It surprises me when people still deny the probability of the GOP stealing elections.
The mayor is now talking about the storm, telling people how to prepare and calling for voluntary evacuation of flood prone areas. The problem is, my area has never flooded before — but neither has there been a major storm surge up the river. What to do, what to do…
UPDATE: Jesus. As soon as the head of emergency management starts speaking, they stopped covering it.
Stephen Colbert on the last debate:
Mitt doesn’t seem to have any for anyone who isn’t just like him!
This means we’d not only have shithead Republican Tom Corbett in the governor’s mansion, we’d have two wingnut Senators? Man, I hope they don’t pull this off:
In yet another reminder that Republicans are smelling blood in the water in the race between U.S. Sen. Bob Casey and Republican Tom Smith, a GOP-friendly super PAC will start airing a TV ad hitting Casey for his support for the Wall Street bailout in 2008.
The new group, Fight for the Dream, is run by Lehigh County Republican Chairman Wayne Woodman. And it received a $240,000 infusion of cash from the company that bought Smith’s coal mining company., our Washington colleague Colby Itkowitz reports this morning.
Woodman’s PAC initially supported Smith’s GOP primary challenger, Steve Welch, and even aired some anti-Smith ads during the spring canvass. But with new polls showing Smith within striking distance of Casey, Woodman’sgroup (courtesy of the donation from Rosebud Mining Co.) has circled the wagons and will start airing the ads in “select markets”
The ad, Itkowitz reports, features a line not often heard in attack advertisements on Democrats: “We need someone who will fight for Pennsylvania families, not Wall Street millionaires,” a narrator says in the spot. It’s made all the more ironic given the fact that Smith is a gazillionaire.
Documents unsealed by a court in Massachusetts today show that Mitt Romney created a special share of stock to help a friend give his ex-wife less money during a nasty divorce, and then testified that she got a fair price, even though she made a fraction of what the shares were worth just a year later.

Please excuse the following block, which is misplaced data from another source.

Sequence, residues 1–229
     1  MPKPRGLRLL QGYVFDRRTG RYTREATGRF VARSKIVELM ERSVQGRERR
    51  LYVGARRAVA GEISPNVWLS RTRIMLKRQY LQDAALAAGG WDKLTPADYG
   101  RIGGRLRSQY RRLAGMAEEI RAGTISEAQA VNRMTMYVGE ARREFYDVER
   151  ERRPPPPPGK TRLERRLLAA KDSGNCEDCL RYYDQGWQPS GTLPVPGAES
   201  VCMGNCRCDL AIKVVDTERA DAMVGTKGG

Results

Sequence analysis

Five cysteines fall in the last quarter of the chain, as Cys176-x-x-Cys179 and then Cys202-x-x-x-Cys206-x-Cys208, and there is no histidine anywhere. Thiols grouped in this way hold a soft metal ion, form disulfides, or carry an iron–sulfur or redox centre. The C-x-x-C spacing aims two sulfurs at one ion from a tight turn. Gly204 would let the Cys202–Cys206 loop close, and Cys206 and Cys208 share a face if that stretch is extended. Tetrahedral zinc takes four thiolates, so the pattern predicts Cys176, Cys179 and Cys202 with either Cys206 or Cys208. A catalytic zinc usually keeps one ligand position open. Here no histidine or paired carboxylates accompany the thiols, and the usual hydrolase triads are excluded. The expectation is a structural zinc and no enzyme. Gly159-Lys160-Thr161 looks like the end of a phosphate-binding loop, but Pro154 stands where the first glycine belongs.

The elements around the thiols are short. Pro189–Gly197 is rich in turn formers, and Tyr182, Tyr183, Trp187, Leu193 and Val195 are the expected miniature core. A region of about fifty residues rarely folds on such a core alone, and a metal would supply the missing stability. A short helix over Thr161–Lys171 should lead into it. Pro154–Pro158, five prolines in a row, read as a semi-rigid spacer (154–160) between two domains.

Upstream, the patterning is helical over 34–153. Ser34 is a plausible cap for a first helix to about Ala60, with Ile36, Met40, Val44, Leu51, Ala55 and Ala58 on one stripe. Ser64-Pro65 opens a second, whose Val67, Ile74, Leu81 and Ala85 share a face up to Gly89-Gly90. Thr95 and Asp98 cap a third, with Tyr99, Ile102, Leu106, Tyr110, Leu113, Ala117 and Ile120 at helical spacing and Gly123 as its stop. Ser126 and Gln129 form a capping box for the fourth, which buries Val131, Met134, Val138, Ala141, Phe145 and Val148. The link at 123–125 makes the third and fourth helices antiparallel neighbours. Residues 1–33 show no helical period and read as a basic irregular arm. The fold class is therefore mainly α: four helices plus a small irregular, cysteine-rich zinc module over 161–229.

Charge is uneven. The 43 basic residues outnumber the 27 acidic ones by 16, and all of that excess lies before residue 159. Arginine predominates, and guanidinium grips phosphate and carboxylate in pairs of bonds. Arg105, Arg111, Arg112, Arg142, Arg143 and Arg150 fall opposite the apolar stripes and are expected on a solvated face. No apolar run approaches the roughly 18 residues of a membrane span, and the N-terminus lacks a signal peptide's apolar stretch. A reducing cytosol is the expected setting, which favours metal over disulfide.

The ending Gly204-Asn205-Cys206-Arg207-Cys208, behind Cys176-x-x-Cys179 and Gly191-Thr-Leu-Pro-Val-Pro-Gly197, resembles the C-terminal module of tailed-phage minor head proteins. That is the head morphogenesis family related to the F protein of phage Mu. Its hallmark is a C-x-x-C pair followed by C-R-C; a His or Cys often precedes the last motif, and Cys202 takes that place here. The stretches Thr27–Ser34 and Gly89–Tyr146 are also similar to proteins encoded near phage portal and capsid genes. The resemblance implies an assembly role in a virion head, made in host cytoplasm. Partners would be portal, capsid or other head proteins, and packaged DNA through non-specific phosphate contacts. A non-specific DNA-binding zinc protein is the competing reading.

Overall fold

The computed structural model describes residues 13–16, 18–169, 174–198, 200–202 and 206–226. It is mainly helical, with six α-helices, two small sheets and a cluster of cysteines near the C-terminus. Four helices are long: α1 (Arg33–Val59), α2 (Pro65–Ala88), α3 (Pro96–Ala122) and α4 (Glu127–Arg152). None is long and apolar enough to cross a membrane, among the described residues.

Romney testified that Tom Stemberg, the founder of Staples, had properly appraised the value of the company’s shares at $2.25 during the divorce. But a year later the share price closed at exactly 10 times that amount on the first day of its IPO.
As we noted yesterday, the divorce testimony was the “October Surprise” with the most potential to actually be surprising. It seems like it may not disappoint. While initial rumors that Romney lied about Staples’ value under oath appear overblown, the story is not particularly flattering at a time when both candidates are desperately trying to attract female voters.
Can we talk about global warming yet?
“It really is a worst-case scenario,” one of the Weather Channel anchors said late last night. I have battery-operated lights, but I wish I had a propane heater, because the storm is going to bring cold weather in its wake, and I’m not happy about the possibility of sitting in the cold and the dark for days. (And not incidentally, without a phone or computer.) Plus, I live about a half-mile or so from the Delaware River. If there’s a strong enough storm surge up the Delaware Bay, I’m pretty sure my neighborhood will be flooded. How much, I don’t know — because this kind of storm has never happened before.